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‘Ship’ explores the high seas of personal possibilities

Bill DeYoung



The cast of Job-side's "Ship," from left: Sydney Reddish as Caitlin, Kayla Witoshynsky as Nell and Evan Fineout as Jeremiah. Photo provided.

Philadelphia playwright Douglas Williams has a ready-made pitch, an elevator speech, when someone asks him to describe his play Ship. “It’s about a guy who tries and fails to grow the longest fingernails in the world,” he’ll say.

Of course, there’s more to the story, Williams told gohomephillyblog.com. “That’s not the most accurate description because he isn’t the main character in the play. But it kind of gives people an idea of the humor and the odd tragedies that I think exist in the play.”

Ship is the second post-pandemic production from Job-side, an offshoot of Tampa’s Jobsite Theater Company (the first was Breadcrumbs, in March). Produced in the Shimberg Playhouse, the Straz Center’s black box, these are smaller, low-key shows produced by members of the company’s poly-talented group of artistic associates.

Ship, which is onstage – on select nights – through May 31, utilizes the standing set for The Resistible Rise of Arturo Ui, the big Jobsite production using the Shimberg space for weekend shows.

It’s directed by Nicholas Perez-Hoop, most recently onstage as Seymour the nebbish in the Straz Center’s Little Shop of Horrors.

The central character, Nell, has just returned to her hometown of Mystic, Connecticut, after a stint in rehab for opioid addiction.

There she runs into Jeremiah, who’s also back in Mystic after attempting to break the world record for the world’s longest fingernails. “They’re both in a weird, adrift moment of figuring out what to do next,” explains Perez-Hoop.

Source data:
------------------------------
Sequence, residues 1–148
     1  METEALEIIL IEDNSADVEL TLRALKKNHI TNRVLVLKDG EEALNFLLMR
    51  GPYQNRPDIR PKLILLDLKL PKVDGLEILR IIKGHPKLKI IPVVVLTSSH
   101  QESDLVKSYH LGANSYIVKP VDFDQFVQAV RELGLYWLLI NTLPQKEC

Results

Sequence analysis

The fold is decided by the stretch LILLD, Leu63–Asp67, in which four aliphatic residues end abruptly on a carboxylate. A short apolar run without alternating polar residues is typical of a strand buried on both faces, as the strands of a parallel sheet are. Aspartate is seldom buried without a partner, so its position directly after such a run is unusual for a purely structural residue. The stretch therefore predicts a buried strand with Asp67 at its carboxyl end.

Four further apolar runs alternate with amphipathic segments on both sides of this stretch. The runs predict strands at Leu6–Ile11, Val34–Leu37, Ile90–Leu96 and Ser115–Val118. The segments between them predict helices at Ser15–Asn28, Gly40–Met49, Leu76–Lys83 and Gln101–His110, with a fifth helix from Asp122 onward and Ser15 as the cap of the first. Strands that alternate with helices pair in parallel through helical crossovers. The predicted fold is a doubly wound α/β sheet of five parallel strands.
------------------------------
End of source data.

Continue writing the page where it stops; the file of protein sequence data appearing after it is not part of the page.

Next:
“It’s a play that explores the in-betweens. Typically it happens when you’re in your 20s. It’s about what happens when you have that first false start, and the way that you assumed something was going to go, doesn’t. And then you have to reconfigure your senses, and you have to put yourself back to the drawing board.”

The third character is Caitlin,  Nell’s slightly older – and decidedly more stable – sister.

“It’s a play about redemption and recovery at its core,” Williams said in that hometown interview. “It just happens to be told through the lens of super-long fingernails, wooden whaling ships and Childish Gambino.”

Nell’s humble goal is to work as a tour guide at Mystic’s ship museum. “And while that goal seems minute to us, your version of small might be someone else’s version of large,” offers Perez-Hoop. “And I want to emphasize that Ship is about not taking for granted the things that you are capable of, and also not taking for granted the giant miracles that you’re able to accomplish – that to other people might seem very small.”

And the show slid quite nicely into the standing set for Jobsite’s ongoing Arturo Ui production. “What ended up working out tremendously is that the set is all just pieces of scaffolding, and planks of wood – so it kind of looks like we’re on the museum ship,” Perez-Hoop says.

“It doesn’t feel too incredibly far-fetched that this could be the set for Ship.”

Ship is onstage tonight (May 23) and Tuesday, and again May 30 and 31. All performances at 8 p.m. Tickets are here.















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